So I kept my priority list because it worked for me. 

And then I was diagnosed with breast cancer, stage 2b with ‘lymph node involvement.’ Putting myself last had finally taken its toll, and in the biggest way possible.

You don’t realize the frenetic pace you’re setting, how you’re barely keeping your head above water, until your death is put on the table for immediate consideration.

On that day, October 10, 2016, my entire world stopped and my list went into the garbage.

You don’t realize the frenetic pace you’re setting, how you’re barely keeping your head above water, until your death is put on the table for immediate consideration.

I have been cancer free for nearly three years, and it’s taken two of those years to work up the courage to lay out my story in all its messy, raw humanity. Over the course of 6 months I survived heavy-duty chemotherapy, a double mastectomy, reconstructive surgery, and the deaths of my Mother and Grandmother. 

I stepped fully into my cancer journey, managing my disease as the ultimate project to deliver, bringing all of my skills to bear, exploring every conceivable healing path, in dogged pursuit of the right combination of levers to pull that would lead me back to wellness. 

Photography by Heather Hanson, all rights reserved

I began to understand the importance of connection, as I found myself walking around like an open wound, feeling everything and everyone around me. I was now part of an improbable group of travelers, each of us making a unique journey we never expected to take, fighting for our lives. We were curious about each other’s stories, making small talk in the chemo chairs, forging deep but fleeting bonds in the space of a few hours.

I became part of my family again. Instead of the intrusive stranger that popped in every few weeks to disrupt their routine, I sat at the dining table each morning and stared with wonder at their precious faces, listening to their voices, not participating but absorbing, taking in everything I had missed over the years, soaking it up like so much precious fuel to sustain me when I couldn’t get out of bed. 

I was now part of an improbable group of travelers, each of us making a unique journey we never expected to take, fighting for our lives.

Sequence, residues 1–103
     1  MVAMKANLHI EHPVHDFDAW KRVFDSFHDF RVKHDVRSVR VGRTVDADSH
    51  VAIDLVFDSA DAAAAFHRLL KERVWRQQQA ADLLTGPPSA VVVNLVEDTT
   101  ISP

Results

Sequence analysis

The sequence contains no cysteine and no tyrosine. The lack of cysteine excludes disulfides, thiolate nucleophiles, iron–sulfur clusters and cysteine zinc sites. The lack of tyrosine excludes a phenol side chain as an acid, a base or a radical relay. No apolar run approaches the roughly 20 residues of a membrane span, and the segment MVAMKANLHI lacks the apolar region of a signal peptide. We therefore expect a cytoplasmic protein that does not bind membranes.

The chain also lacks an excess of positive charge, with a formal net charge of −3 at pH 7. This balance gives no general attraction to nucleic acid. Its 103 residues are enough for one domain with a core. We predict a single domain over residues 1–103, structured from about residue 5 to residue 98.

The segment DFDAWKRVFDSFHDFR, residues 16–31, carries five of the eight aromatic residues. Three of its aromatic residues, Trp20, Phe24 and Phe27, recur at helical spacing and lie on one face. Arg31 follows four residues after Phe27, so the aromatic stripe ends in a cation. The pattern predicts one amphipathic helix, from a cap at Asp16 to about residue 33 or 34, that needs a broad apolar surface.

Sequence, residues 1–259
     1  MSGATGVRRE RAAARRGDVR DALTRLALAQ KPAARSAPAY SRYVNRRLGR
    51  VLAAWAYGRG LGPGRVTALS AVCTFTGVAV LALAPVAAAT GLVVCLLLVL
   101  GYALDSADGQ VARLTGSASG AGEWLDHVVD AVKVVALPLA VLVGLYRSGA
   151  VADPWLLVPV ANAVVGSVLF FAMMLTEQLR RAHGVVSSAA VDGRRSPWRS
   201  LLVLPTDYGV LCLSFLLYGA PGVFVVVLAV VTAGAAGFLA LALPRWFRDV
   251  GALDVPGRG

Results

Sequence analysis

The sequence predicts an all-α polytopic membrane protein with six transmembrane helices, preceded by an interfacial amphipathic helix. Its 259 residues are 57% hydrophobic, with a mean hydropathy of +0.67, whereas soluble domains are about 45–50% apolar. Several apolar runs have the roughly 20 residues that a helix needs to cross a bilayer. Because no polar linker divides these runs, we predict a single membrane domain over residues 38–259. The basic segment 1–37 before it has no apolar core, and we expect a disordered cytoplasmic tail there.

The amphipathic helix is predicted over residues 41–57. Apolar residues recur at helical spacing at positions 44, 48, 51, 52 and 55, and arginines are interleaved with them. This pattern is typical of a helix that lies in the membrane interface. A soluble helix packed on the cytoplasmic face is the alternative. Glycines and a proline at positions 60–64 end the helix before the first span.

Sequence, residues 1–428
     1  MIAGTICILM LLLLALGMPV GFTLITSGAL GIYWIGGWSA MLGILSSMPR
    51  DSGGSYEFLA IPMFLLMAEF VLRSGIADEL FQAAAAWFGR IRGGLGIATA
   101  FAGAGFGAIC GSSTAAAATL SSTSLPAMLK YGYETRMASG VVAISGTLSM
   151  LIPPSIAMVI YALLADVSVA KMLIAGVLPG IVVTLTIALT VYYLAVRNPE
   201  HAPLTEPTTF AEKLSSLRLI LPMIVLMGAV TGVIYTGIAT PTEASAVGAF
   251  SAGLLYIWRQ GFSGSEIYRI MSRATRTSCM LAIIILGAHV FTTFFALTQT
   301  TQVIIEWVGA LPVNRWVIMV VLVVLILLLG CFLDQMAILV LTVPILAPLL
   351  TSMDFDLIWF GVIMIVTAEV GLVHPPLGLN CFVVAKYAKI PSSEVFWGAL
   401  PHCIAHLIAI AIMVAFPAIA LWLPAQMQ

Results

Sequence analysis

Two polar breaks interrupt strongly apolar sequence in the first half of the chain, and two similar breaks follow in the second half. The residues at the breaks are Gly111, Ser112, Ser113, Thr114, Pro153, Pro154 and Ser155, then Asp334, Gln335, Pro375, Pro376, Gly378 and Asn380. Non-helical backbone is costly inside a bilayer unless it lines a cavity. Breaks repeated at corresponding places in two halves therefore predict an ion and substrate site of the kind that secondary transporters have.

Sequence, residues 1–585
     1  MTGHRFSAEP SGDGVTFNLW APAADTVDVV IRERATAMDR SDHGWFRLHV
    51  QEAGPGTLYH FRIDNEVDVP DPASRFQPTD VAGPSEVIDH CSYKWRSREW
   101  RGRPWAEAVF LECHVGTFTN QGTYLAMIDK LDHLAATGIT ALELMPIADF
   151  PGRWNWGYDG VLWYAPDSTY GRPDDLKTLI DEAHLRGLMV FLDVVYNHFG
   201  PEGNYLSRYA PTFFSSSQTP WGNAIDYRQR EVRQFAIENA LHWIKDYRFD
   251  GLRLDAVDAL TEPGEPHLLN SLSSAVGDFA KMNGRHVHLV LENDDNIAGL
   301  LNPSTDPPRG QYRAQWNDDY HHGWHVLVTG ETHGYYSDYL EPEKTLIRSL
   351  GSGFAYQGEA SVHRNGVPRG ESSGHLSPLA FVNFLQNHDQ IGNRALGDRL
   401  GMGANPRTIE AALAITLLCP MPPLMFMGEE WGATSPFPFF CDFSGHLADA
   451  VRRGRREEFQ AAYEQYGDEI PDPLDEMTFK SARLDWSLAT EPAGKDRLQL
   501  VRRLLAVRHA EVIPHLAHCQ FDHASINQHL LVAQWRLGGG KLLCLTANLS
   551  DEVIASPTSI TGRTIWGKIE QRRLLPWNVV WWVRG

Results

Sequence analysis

I spent more time with my daughters than I ever had, with no travel on the agenda for the first time in years. And although I was sick, bald, tired and possibly dying, I was happier, softer, more real than I had ever been. I was free. 

Needless to say I’m a different person. Nobody takes that journey and stays the same. I look back at the environment I created, the pace I set, and shake my head in wonder at the fear I must have been living in to feel such a need to try and control everything around me. 

Photography by Heather Hanson, all rights reserved

Some might say I’m being too hard on myself. I was not a bully, demeaning, mocking, cruel. 

To that I would say this: You don’t have to be any of those things to imprison others. It’s inherent in not giving them the freedom to make their own choices, not giving them the space to grow, to strengthen trust in their own capability through trying, through failing, through trying again without fear of being made wrong. 

I wasn’t allowing people the space they needed to flourish, although I honestly believed I was doing just that. I just couldn’t see, and I am so grateful I can see now.

If you recognize yourself in these words I invite you to come along with me as I share the lessons I learned embracing the space between ‘once upon a time’ and ‘happily ever-after;’ that uncertain, uncontrollable space where our life story is playing out and if we don’t open our eyes, we’ll miss it.